These days, everyone’s mind seems to be on “mobility” - smartphones, tablets, phablets, mobile apps for consumers, employees, customers, and partners, BYOD, cloud-based services, social media and the “consumerization of IT”.
Whether the context is individual consumers using mobile apps in their personal lives, or a company trying to determine how mobility fits into its strategy for improving the experiences of its employees, customers, or partners - the paradigm shift to mobile functionality is everywhere. The lines between these lives have blurred - most of us now use the same smartphones and tablets for work and personal purposes, and the expectations we have formed as consumers regarding the experience of using these devices and the applications available on them (well-designed UI, intuitive and productive user experience) merge into what we want from the applications we use at work.
Against this fast-moving mobile background it is clear that just having mobile access to e-mail is profoundly insufficient for increasing productivity and producing better-informed employees. The integration of mobile devices such as laptops, tablet computers, PDAs, and smartphones, along with their various applications and software, make it easier than ever for workers to collaborate and businesses to communicate with staff, customers, and vendors.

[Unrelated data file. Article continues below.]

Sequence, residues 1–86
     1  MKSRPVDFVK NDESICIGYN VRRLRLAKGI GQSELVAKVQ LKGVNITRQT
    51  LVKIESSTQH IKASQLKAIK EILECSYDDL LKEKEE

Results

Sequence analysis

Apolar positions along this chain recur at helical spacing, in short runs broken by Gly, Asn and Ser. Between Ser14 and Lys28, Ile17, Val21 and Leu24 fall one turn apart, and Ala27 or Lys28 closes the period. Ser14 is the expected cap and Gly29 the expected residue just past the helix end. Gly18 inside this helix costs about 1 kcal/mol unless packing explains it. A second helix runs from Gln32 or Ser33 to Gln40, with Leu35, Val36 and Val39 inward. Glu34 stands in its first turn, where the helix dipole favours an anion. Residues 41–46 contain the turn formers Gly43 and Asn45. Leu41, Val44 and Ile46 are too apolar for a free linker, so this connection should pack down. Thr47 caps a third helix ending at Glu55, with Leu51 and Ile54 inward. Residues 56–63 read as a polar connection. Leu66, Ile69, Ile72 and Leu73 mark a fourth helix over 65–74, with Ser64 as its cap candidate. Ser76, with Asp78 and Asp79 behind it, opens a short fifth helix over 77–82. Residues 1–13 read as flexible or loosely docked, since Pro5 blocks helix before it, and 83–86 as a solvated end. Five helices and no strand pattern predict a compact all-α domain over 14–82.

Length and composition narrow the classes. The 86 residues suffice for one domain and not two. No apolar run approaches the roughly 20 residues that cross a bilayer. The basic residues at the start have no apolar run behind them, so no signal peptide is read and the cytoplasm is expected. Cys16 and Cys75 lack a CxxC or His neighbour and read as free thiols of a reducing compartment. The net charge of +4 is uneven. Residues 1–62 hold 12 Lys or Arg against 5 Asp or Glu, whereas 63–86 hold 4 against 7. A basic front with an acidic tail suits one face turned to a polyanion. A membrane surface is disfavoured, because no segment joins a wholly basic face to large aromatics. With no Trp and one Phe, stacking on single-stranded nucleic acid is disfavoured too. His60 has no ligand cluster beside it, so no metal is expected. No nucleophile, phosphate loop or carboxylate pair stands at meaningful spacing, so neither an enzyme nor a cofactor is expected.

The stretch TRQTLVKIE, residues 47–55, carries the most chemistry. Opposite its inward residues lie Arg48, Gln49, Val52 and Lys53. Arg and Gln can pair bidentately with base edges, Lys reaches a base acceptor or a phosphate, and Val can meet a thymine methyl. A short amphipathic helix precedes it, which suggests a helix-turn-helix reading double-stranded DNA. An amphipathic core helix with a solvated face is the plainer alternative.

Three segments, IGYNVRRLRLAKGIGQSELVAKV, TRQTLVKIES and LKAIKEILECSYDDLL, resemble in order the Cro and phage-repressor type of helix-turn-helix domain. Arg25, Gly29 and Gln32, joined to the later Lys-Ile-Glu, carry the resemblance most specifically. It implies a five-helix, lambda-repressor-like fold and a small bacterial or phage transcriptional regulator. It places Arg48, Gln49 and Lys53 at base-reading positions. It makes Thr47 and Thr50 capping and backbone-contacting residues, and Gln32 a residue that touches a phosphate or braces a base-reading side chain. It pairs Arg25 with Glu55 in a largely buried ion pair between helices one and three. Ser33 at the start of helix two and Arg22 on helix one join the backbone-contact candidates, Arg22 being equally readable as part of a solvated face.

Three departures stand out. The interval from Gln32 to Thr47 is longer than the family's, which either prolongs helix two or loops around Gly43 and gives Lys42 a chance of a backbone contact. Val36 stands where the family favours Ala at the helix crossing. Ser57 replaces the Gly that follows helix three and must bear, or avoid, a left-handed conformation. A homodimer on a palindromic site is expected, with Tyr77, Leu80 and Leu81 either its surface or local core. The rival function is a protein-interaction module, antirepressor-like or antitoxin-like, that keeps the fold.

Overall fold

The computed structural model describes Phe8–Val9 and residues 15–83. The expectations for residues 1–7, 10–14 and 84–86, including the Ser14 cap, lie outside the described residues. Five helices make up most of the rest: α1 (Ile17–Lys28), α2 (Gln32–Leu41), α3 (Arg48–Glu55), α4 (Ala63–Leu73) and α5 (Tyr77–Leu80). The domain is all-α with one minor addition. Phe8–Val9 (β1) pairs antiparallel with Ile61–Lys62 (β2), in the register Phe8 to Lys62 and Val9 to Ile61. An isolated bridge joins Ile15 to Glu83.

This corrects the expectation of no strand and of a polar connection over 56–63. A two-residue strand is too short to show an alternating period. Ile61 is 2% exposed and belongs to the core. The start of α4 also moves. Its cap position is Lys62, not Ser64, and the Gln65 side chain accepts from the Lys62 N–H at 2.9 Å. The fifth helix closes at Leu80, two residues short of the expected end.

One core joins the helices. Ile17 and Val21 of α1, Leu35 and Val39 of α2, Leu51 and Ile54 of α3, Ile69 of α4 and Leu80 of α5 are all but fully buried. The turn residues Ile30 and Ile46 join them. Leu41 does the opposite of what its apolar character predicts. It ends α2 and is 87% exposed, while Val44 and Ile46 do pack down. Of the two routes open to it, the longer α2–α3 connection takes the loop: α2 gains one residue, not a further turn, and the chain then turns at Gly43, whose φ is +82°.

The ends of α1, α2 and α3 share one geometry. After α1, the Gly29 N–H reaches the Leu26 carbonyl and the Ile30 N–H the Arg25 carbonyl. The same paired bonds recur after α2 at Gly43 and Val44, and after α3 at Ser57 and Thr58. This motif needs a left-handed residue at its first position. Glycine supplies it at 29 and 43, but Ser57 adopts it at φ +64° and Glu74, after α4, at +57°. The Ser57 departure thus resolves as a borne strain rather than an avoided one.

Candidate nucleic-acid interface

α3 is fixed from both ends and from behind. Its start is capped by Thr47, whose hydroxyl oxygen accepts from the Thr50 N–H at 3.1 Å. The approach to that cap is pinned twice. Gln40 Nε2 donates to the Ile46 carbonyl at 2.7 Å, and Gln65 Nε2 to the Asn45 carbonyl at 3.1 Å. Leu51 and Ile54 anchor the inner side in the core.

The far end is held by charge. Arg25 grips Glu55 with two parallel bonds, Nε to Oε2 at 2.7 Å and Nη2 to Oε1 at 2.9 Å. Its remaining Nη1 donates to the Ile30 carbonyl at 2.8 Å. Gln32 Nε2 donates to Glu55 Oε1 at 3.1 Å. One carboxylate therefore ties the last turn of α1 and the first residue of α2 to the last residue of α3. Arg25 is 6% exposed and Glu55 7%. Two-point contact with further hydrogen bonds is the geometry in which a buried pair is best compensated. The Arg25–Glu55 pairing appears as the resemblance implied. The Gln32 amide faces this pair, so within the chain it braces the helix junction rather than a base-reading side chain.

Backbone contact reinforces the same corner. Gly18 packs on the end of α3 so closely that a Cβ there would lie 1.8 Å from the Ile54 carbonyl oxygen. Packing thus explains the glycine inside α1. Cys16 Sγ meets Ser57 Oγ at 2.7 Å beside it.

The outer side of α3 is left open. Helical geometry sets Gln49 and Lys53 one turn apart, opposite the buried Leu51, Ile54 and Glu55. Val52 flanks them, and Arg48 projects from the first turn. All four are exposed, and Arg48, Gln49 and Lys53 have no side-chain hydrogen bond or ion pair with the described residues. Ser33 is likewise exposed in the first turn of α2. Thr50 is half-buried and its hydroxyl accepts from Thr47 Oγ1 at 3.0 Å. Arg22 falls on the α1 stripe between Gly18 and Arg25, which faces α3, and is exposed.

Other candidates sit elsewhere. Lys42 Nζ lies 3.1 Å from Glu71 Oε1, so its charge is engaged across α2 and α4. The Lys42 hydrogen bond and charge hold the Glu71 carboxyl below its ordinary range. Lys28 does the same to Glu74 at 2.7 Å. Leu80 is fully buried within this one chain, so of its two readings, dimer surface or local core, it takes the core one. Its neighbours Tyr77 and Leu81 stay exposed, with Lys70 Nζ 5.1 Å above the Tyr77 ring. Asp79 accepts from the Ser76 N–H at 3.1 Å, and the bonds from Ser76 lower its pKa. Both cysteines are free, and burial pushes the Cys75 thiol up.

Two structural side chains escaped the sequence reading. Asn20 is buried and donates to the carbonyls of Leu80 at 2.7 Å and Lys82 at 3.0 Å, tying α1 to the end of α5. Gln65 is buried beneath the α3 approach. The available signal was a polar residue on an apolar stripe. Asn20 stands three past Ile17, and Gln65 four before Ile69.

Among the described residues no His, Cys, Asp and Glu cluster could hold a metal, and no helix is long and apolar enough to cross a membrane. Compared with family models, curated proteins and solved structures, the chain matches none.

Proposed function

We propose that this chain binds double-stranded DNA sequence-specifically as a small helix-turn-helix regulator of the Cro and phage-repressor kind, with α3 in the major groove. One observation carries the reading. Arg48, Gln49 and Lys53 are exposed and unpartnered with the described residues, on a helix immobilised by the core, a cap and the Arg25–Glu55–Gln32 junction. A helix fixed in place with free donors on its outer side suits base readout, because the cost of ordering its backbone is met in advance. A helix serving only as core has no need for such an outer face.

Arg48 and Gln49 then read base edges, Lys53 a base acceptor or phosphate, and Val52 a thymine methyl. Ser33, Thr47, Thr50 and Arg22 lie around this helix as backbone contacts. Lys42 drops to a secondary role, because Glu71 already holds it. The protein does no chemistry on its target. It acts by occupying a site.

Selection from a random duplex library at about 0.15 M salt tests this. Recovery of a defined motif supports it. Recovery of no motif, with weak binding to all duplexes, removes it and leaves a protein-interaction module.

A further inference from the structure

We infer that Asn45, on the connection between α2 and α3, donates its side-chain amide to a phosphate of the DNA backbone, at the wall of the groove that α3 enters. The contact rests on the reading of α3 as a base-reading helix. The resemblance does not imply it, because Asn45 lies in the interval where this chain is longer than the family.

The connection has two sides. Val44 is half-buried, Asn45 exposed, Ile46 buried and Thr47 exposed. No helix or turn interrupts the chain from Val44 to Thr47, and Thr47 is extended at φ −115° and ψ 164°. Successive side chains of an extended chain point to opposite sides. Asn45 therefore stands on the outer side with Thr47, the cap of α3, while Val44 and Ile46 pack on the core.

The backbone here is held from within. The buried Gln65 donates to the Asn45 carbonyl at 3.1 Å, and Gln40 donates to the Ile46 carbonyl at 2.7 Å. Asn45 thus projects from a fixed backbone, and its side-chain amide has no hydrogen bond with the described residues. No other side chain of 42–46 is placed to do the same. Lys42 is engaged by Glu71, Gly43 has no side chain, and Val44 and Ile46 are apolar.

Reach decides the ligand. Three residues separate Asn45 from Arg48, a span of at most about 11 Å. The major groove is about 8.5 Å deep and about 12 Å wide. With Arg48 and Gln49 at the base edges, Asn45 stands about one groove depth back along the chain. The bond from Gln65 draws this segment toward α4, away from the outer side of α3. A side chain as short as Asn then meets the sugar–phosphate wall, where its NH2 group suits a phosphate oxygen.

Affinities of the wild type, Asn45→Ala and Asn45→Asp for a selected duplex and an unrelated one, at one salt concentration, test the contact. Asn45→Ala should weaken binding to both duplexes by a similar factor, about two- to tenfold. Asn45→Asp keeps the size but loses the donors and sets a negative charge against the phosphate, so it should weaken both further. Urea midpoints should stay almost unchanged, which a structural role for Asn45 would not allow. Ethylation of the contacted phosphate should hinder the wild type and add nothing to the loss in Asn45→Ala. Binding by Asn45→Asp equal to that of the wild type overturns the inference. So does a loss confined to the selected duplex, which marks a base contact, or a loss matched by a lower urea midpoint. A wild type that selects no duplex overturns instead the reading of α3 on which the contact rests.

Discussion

Delivered poorly, the result is a tremendous number of one-star and two-star applications available in the various app stores, and the poor applications most employees have had to endure at work. These apps make tasks more difficult because of lack of integration among data sources, poorly designed interfaces, and hard-to-understand workflows.
Done properly, the experience delivered, whether personal or professional, is easy to navigate, adds to productivity, and is designed properly for any device used. The trick is to understand what it takes to deliver this experience.
There are a variety of issues to consider in delivering the desired impact by deploying mobile functionality:
- Is there a clear strategy for why you are deploying a mobile solution that includes clearly defined goals for the organization and the individuals?
- Is it aligned with the user’s expectations for the experience?
- Have you defined what “success” looks like? Can the user do the same thing faster? Can they do more things at the same time because of back-end integration and streamlined workflow?
- Are there metrics to measure your progress in adding value to your customers, employees, or partners?
- Is the technology infrastructure required to deliver a dependable, scalable experience in place?
Additionally, in order to justify the investments made in mobile solutions, you must be able to measure the impact on business processes, not necessarily the efficiency of employees. Properly designed applications will:
- Focus on “technology in action”.
- Measure by function or “scenario” where the technology is in use.
- Apply different frameworks according to sector (Sales & Marketing, HR, Finance, IT).
- Include data on financials, number of employees, and IT expenditures and capabilities.
- Use scorecards to benchmark your company against similar firms.
Stay tuned for additional posts focused specifically on examples of mobile-based productivity in the enterprise.